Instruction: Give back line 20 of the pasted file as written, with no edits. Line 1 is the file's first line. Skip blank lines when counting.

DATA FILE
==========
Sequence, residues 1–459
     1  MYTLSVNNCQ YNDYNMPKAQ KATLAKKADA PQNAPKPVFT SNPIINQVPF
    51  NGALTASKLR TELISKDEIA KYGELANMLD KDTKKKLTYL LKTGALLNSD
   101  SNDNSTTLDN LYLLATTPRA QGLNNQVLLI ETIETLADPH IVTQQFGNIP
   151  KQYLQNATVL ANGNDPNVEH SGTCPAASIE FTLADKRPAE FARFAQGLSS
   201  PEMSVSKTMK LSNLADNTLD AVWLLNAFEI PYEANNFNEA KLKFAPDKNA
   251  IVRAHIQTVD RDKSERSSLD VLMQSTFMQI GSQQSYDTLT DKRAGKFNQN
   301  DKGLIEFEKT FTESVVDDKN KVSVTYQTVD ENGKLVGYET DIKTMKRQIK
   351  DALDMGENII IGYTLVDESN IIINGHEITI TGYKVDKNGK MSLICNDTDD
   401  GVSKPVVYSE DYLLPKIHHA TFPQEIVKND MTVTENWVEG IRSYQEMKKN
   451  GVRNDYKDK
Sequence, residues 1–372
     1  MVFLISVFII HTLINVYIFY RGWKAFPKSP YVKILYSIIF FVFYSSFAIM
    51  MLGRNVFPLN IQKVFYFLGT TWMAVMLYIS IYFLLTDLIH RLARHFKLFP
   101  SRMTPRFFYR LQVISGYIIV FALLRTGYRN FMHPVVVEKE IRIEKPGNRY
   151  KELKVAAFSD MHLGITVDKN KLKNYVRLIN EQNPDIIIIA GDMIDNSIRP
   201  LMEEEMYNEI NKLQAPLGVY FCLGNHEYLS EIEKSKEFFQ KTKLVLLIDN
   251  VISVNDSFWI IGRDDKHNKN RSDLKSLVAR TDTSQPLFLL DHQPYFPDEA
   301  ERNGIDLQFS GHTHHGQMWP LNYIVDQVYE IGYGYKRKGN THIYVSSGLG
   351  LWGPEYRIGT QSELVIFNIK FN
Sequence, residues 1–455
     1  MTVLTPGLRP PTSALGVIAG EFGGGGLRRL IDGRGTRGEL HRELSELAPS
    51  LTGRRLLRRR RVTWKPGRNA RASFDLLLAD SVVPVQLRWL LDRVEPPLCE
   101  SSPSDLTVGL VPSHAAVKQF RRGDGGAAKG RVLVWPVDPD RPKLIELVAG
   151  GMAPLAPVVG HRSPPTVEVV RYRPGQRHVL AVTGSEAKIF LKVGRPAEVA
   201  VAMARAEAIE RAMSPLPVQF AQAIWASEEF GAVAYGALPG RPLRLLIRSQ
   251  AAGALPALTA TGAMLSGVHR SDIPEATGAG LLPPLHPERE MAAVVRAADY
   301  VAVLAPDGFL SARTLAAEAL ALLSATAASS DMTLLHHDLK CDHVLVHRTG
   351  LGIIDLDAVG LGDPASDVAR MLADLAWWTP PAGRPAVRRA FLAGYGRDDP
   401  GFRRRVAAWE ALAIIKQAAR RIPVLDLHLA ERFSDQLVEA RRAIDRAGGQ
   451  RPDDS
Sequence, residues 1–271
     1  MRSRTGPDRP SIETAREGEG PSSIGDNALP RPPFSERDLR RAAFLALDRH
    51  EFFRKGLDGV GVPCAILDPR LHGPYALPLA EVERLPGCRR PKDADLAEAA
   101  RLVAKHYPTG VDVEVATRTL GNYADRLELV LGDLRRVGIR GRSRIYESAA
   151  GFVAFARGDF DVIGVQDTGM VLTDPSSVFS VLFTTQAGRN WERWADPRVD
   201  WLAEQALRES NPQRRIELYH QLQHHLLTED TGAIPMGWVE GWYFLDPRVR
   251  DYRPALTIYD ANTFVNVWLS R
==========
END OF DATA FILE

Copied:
   351  LWGPEYRIGT QSELVIFNIK FN